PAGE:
Sunday, 21 February 2010

Reasons to be cheerful..

Summer, Buddy Holly, the working folly, Good Golly Miss Molly and Boats...

Not unlike Ian Dury, I find much that makes me smile. But nothing matches the pleasure I get from My kids. That's not to say that they don't cause me a fair bit of anguish also but that's the lot of parents, including the away one.

They are in descending order of age, The Geek (one of his own descriptions), Miss Feisty (I think she'd be pleased with that) and The Dude. Each of these 'pet names' does something to describe each of them but fails wildly to encompass them fully.

They have each, in their own way, inherited many of my traits and enthusiasms, along with those of their Mother. They are all, also, uniquely their own people, in the way that children are.
I'll endeavour to chronicle my relationship with them in a way that's thruthful and fair to them.

A while back, in a fit of that enthusiasm that parents are often gripped by, I attempted to teach 'The Dude' (He is 12, wants to be 12 and would probably like to stay 12) how to cook his own breakfast. I called him into the kitchen to explain to him. He gave me that 'why are you bothering when you know you will lose heart with this exercise once you realise I will never wash up after myself, never clear my plate away and always burn the bacon' look but humoured me anyway.

'OK' I said, smiling maniacally, 'first we need to get the pans and ingredients together', reasoning that if everything was at least out it would lesson the stress of the whole thing.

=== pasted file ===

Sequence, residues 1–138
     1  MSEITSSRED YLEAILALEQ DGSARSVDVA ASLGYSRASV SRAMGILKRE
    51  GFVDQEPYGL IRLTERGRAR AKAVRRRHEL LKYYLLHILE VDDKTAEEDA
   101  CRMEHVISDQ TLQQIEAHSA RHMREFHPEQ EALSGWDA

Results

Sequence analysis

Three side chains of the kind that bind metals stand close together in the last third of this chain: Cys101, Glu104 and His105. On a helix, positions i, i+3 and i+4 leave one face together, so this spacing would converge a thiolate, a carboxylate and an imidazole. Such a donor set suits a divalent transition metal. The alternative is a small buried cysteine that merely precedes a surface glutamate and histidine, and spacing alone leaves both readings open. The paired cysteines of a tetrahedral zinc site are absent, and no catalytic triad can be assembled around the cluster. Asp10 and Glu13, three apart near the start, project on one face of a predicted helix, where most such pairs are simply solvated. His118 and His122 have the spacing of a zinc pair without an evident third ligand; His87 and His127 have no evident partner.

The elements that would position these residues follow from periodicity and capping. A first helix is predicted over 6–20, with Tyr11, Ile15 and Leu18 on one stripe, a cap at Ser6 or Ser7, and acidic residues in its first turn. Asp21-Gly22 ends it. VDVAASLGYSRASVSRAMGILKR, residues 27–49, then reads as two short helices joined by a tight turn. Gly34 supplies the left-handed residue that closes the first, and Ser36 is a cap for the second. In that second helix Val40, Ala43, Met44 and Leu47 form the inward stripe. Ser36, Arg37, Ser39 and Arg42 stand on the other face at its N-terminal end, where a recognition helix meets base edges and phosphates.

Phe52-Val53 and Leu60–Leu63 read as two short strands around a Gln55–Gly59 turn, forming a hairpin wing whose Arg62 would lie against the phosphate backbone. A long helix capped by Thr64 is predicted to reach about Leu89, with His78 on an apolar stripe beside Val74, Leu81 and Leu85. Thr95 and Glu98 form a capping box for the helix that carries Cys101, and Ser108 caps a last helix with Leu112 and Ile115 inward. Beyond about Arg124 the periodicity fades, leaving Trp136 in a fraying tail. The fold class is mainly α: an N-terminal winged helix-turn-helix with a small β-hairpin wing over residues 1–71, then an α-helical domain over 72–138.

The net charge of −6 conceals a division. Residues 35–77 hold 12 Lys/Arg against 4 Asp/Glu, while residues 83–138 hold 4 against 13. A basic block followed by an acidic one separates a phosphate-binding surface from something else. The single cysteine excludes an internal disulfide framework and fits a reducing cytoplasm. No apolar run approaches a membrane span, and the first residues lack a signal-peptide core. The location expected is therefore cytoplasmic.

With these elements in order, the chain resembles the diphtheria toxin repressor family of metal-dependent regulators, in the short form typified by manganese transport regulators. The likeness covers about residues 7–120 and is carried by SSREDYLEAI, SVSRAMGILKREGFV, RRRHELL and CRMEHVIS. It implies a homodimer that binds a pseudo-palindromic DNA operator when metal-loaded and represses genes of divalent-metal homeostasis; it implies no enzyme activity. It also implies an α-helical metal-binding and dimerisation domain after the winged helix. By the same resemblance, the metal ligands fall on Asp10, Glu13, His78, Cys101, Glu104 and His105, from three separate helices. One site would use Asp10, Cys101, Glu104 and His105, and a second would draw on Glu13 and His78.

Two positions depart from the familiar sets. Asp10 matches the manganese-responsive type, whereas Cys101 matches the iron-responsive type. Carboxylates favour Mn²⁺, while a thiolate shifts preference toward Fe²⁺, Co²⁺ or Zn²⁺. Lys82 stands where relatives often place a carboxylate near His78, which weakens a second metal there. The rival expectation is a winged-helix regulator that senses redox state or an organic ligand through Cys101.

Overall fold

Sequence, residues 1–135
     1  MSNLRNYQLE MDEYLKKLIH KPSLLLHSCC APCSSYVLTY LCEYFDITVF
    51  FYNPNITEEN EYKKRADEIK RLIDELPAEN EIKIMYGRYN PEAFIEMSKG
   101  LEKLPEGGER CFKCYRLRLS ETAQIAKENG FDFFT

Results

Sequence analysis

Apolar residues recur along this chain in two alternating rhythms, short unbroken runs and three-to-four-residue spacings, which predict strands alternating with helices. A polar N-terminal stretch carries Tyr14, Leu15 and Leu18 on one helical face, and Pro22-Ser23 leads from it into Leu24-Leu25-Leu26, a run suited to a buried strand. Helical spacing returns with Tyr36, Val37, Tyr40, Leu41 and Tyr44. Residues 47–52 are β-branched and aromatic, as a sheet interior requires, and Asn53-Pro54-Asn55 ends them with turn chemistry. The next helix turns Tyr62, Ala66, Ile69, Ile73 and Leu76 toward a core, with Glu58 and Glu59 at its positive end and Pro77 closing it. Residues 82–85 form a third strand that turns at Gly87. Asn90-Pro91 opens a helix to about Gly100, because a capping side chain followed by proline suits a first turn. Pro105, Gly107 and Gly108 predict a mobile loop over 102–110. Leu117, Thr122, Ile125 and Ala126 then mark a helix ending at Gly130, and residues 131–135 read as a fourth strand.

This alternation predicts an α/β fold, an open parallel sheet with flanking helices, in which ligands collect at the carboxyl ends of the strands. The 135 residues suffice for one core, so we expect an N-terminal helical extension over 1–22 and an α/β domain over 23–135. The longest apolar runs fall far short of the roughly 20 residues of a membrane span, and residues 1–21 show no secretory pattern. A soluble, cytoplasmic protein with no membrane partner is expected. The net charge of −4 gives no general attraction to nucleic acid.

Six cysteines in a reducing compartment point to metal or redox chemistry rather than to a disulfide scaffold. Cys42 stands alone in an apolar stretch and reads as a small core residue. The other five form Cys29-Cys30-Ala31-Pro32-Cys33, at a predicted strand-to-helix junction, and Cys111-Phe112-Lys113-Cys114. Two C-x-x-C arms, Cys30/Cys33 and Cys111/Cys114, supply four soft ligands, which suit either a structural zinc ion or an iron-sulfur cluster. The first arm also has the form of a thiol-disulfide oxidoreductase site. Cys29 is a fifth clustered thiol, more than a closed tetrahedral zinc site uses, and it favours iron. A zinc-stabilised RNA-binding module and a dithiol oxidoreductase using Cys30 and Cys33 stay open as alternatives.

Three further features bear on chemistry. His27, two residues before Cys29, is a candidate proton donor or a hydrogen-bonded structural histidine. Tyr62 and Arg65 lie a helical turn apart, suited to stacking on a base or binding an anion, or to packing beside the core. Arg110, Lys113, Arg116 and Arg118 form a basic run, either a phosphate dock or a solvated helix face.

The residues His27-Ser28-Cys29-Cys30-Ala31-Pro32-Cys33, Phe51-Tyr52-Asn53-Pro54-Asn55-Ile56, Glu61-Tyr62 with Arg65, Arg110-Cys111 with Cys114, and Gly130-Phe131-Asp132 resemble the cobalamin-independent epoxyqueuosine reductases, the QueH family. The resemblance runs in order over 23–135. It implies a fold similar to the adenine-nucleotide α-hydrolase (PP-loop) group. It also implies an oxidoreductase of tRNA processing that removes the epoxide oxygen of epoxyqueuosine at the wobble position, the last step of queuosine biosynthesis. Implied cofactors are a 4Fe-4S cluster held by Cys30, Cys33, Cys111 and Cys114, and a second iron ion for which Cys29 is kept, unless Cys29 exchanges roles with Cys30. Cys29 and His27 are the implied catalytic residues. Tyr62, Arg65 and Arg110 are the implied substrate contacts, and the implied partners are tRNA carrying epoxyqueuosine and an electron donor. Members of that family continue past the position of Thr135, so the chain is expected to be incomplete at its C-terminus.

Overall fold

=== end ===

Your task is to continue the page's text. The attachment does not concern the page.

'Where do we keep the bacon?' I asked.

He looked dreamily into space with what I assume was a look of concentration, but could have been him in a reverie about the status of his team in FIFA2009.

'In the cupboard'?

I tried desperately not to raise my eyes in exasperation.

'Lets try the fridge' I reasoned through a grimace.

He went to the fridge and performed what I call, 'Boy looking'. That is, with the Bacon at eye level in front of him, he stared through it and everything else before closing the fridge door without locating the bacon.

This was repeated several times with all ingredients and utensils.

It is an immutable fact of life, that if you ask 'The Dude' to do anything, he will suddenly discover the need to visit the bathroom or 'just finish what I'm doing' or any other diversionary tactic he can employ. He is a master at it. He once took 20 minutes to remove an exercise book from the school bag situated at his feet when asked to complete a piece of homework that eventually took 5 minutes to do.

Suffice to say he hasn't cooked breakfast in over a year since this truely foolhardy attempt of mine.

He is to my mind, the sunniest, easy going and charming child I know. He sees the good in everything and everyone and gives and recieves love with equal ease.

I don't live with my kids. I miss them on a daily basis. The hardest thing to get used to when I left the family home was their absense first thing in the morning. On school days as in most family homes, the day starts in a flurry of rush and grumpiness as everyone lifts themselves to another day of school or work. Often, there would be little said and what was said was through gritted teeth of all trying to drag themselves to places they would rather not be.

I have to say, I never realised how much I would miss that.



  1. Very honest - it appears that fathers attempt the same things no matter where they are in the world :-) I am not an 'away' father, but I share your feelings. It would take so little to ease our hearts.

  2. Thank you Allan. I think the stereotype of both absent and detached Fatherhood needs to be re-addressed. Not that I want to join the 'sex wars'. I'm hoping more 'away parents' and indeed those that are present, will read, enjoy and make comment.